Israel, Egypt said close to accord on natural gas dispute

By David Wainer, Yaacov Benmeleh, Jonathan Ferziger on 5/18/2016

TEL AVIV, Israel (Bloomberg) -- Israel and Egypt are nearing a compromise that would sweep away a major obstacle to a multi-billion-dollar natural gas deal.

Israel may agree to settle for half of the $1.73-billion fine Egypt was ordered to pay it so talks on exporting Israeli offshore gas there can go ahead, two people familiar with the negotiations said, requesting anonymity because the talks are private. Payments would be spread over 14 years, one of the people said.

Negotiations are still under way, and authorities in both countries would have to approve any final figure, the people familiar said. State-owned Israel Electric Corp., which had sought the award from Egypt, and the Egyptian Foreign Ministry declined to comment.

Israel has painted gas exports to Egypt and other nations in the region as a strategic imperative in a region rocked by strife, and removing this obstacle would be crucial to the export deals it seeks to clinch and cement its ties with its closest ally in the Muslim world. Energy-strapped Egypt needs fuel until it develops its own newly discovered fields, and it can use an idle gas pipeline there to transfer Israeli fuel for export to third countries.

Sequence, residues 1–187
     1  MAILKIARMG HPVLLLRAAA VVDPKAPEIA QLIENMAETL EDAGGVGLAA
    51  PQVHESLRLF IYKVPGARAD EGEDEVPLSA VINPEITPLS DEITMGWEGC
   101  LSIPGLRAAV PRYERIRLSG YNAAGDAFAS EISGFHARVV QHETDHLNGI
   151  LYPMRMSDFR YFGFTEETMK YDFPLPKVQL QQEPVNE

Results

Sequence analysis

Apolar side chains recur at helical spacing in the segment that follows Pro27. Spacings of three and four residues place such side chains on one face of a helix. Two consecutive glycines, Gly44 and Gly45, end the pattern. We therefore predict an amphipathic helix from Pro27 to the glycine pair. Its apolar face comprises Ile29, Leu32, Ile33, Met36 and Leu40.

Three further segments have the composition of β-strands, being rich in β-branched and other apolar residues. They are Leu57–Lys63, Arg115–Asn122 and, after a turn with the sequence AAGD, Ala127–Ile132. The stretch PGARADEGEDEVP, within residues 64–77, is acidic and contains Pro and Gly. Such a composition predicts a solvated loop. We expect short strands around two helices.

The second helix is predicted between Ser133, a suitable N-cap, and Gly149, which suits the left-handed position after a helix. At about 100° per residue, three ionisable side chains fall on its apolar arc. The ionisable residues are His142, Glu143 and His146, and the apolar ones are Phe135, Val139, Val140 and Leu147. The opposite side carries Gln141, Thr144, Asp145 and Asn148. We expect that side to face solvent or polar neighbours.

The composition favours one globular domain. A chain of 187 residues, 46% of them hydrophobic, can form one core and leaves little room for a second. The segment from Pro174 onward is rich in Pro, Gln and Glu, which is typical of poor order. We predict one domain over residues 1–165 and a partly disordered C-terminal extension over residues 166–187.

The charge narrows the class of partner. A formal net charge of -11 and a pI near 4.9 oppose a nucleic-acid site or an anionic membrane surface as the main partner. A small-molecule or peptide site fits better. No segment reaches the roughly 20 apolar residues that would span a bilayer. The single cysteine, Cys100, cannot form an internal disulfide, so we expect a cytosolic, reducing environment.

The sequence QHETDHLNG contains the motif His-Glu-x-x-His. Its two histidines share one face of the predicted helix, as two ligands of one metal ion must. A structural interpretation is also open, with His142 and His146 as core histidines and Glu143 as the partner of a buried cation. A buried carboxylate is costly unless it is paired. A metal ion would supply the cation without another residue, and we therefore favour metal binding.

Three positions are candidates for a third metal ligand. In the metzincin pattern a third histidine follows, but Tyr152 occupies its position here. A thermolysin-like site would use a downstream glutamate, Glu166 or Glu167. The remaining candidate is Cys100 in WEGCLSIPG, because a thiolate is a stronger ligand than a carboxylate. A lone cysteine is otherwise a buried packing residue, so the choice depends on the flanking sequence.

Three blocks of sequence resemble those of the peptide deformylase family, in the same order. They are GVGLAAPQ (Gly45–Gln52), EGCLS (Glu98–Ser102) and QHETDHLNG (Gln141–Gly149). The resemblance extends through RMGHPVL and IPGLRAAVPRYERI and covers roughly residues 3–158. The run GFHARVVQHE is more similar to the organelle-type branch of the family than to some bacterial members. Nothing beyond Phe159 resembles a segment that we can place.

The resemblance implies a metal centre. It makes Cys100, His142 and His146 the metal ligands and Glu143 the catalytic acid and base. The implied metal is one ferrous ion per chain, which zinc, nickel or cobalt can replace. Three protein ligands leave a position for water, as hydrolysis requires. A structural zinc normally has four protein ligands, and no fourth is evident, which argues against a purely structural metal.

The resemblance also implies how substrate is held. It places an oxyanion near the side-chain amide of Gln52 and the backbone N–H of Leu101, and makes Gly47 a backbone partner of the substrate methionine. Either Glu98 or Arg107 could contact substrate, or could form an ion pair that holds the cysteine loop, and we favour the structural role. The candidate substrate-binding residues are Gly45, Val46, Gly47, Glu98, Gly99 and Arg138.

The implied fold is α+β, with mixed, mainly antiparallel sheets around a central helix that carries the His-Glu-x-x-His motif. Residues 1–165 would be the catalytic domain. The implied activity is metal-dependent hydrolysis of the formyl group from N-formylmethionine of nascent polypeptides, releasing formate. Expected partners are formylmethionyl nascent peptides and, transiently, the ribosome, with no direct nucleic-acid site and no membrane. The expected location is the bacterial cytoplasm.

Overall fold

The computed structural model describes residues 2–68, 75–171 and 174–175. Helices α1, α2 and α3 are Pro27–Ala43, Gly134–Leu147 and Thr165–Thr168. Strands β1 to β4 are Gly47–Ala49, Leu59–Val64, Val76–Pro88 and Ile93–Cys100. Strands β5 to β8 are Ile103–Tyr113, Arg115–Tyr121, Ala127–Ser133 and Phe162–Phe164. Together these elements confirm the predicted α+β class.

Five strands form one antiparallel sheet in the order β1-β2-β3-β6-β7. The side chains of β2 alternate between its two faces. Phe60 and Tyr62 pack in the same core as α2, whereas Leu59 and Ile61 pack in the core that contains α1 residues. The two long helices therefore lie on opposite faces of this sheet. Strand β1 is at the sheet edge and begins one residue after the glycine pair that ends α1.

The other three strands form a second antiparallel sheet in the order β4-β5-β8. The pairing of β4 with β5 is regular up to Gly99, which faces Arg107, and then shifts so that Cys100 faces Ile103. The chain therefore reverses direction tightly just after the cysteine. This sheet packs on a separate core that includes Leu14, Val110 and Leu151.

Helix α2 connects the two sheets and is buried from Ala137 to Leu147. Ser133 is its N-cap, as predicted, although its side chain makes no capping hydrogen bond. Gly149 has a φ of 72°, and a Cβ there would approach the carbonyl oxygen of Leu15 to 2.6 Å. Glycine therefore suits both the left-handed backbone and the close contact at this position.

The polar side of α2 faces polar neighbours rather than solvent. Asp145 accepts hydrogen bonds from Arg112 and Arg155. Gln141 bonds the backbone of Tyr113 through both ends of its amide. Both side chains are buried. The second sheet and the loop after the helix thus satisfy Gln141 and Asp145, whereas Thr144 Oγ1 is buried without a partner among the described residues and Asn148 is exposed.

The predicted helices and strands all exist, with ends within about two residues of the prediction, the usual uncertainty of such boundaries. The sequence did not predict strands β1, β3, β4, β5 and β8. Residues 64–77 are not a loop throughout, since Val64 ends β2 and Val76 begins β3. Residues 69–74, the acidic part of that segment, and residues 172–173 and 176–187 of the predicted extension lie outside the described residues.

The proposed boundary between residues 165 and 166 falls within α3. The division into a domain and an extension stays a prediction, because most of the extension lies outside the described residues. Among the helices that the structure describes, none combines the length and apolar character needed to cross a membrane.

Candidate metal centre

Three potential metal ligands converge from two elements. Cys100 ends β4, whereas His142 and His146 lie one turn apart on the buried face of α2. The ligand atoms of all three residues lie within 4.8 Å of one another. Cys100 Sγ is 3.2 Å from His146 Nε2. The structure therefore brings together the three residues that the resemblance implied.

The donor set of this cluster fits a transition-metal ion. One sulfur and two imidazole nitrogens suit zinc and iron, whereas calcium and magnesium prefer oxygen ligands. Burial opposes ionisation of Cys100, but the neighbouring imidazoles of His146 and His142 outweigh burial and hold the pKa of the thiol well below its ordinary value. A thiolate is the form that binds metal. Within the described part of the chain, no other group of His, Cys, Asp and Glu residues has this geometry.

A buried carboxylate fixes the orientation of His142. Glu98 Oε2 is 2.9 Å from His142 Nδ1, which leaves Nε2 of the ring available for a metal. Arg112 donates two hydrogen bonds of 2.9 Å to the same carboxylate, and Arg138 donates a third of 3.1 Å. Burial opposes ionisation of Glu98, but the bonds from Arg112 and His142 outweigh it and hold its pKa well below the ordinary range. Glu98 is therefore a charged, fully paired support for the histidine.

Israel’s TA Oil & Gas index increased gains to 1.5% to 904.86 at 4:25 p.m. local time.

Close Cooperation

Israel’s willingness to compromise on the fine reflects the tight cooperation between the countries since Abdel-Fattah el-Sisi became Egypt’s defense minister in 2012, then president in 2014. Security relations between the two countries, fighting a common enemy in Islamist militants as strife and instability rock the region, have never been better, Israeli officials have publicly said.

An accord on the damages would be important progress, but it wouldn’t immediately clear the way to deals. Six years after discovering its largest gas field, Israel has failed to conclude a regulatory framework for its natural gas industry. Its largest reserve, Leviathan, remains undeveloped as a result, and companies won’t sign contracts while rules governing the industry remain in limbo.

U.S.-based Noble Energy Inc. and Israel’s Delek Group Ltd., the lead partners in the Leviathan field, need export contracts with Egypt to obtain financing for the development of Israel’s largest natural gas pool. The government, which expects to reap billions of dollars from gas exports, is working to finalize its energy policy so work on Leviathan can proceed.

Deals between Egyptian and Israeli companies had been in the works, though, when an international arbitration court in December ordered Egypt to pay Israel damages for violating a contract to supply Israel Electric with Egyptian gas. Egypt ordered its oil and gas authorities to freeze negotiations until the dispute over the arbitration was resolved.

Dolphinus, an Egyptian gas-trading company, had been in non-binding negotiations with partners in Israel’s largest offshore field, Leviathan, to buy as much as 4 Bcm of natural gas a year for 10 to 15 years. It also signed a deal last year to import fuel from Israel’s second-largest reserve, Tamar.

Egypt exported natural gas to Israel until it canceled the agreement in 2012 as its wells became depleted and the pipeline carrying it came under repeated sabotage. It has said any gas import deal with Israel should include a resolution to international arbitration cases.

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